It wasn't until 533 AD, at the insistence of the Augustinian contingent at Rome, that universalism was condemned. All the ecumenical counsels up to that time never saw fit to condemn it, but now, Marcus Booker has consigned to a fiery torment all those who would even consider the possibility that God's grace is more comprehensive than he, or the Roman Catholic Church has allowed.

GRACE???? Hardly.

ed

Papa is especially fond of us

sixstringfunk's picture

If God CHOSE us, and gives us mercy, then is that nullified because I don't have your understanding of redemption?No, it is not nullified. You are redeemed because you have faith in Christ for the forgiveness of your sins. This is a faith which the scriptures attribute to God's grace alone. Much error (I am as guilty as anyone) has entered into Christendom because we have difficulty looking to the scriptures through our presuppositions. Experiences and emotional baggage can have an affect on how we interpret the scriptures. What we have to do is put aside our presuppositions and look to the WORD and beg God to help us. I believe He will.

Ron

large-hammer's picture

Ed,

I used the words, "still be okay" intentionally.

As for my supposed lies about CGers, name one. Be specific.

As for you #2, I am not saying that every minute point in theology affects or compromises our standing before God. However, some points do! CG is a completely different gospel. It is therefore accursed of God.

I am familiar with the history, especially with respect to the Alexandrian school (Origin and Clement of Alexandria in particular). They did not teach universalism as a form of dogma. You take their speculations and considerations out of context.

Here's a quote from "A Dictionary of Early Christian Beliefs:"

"Most of Origen's teachings were quite harmonious with the orthodoxy of the pre-Nicene church. Nevertheless, because of his brilliant mind, Origen came up with a number of theological speculations that most Christians have judged to be unsound. It must be remembered that the amount of defined dogma in the pre-Nicene church was quite small, and Origen was very careful not to teach contrary to any dogma defined by the church. Origen's modern critics often quote his speculative viewpoints out of their historical context, making it appear as though Origen were teaching such things as dogma. However, Origen made it clear that his speculations were not being presented as dogma, but as points of dialogue and reflection."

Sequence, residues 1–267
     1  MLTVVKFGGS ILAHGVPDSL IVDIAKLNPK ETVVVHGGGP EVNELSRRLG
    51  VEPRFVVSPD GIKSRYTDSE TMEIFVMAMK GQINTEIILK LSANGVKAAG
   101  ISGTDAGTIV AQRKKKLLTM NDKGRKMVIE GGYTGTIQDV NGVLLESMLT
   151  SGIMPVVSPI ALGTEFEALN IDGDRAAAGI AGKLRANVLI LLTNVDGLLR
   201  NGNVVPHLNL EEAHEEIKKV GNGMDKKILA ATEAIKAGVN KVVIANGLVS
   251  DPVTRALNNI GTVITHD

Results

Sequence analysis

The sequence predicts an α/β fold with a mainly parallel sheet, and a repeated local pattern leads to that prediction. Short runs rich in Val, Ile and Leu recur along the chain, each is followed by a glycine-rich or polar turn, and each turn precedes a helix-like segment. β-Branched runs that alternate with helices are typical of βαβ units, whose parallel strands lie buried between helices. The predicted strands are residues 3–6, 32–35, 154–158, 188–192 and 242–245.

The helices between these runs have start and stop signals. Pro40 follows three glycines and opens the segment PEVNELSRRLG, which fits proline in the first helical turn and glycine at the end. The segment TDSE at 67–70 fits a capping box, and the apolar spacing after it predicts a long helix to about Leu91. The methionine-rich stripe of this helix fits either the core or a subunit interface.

As for me, "Marcus Booker" being the one who is questioning CG, don't pretend as if I am alone. If it were just me, I can see why it'd be easier for you to ignore it.

And no, I am not condemning consideration. I do, however, have a major problem with CG being taught as dogma. For the purposes of theological speculation, academic searching out, and hypothesizing, I don't have a problem with it.

And I don't deny that you are raising some valid points and challenging us. I think that it is good, in the long run, for our doctrines to be sharpened. There is certainly a problem to say that the "all" in Adam is different than the "all" in Christ. Yet if you can speculate and trace out doctrines (and see where they go and how they satisfactorily explain matters--or not), then so can I. I hypothesize that the "all" in Adam includes under the umbrella of sin both Jew and Gentile. Also, I would say that the "all" in Christ means that Jew and Gentile alike shall attain life. In other words, I believe the statement about Adam and Christ to be parallel to Paul's words in Romans:

"There will be tribulation and distress for every soul of man who does evil, of the Jew first and also of the Greek, but glory and honor and peace to everyone who does good, to the Jew first and also to the Greek. For there is no partiality with God."

Above, all are in sin-death and all are in righeousness-life. And "all" means both kinds of men, Jew and Gentiles (regardless of their standing before the law of Moses).

I really don't have as much of a problem with you Ed as you may think. I am, however, concerned about understating the case.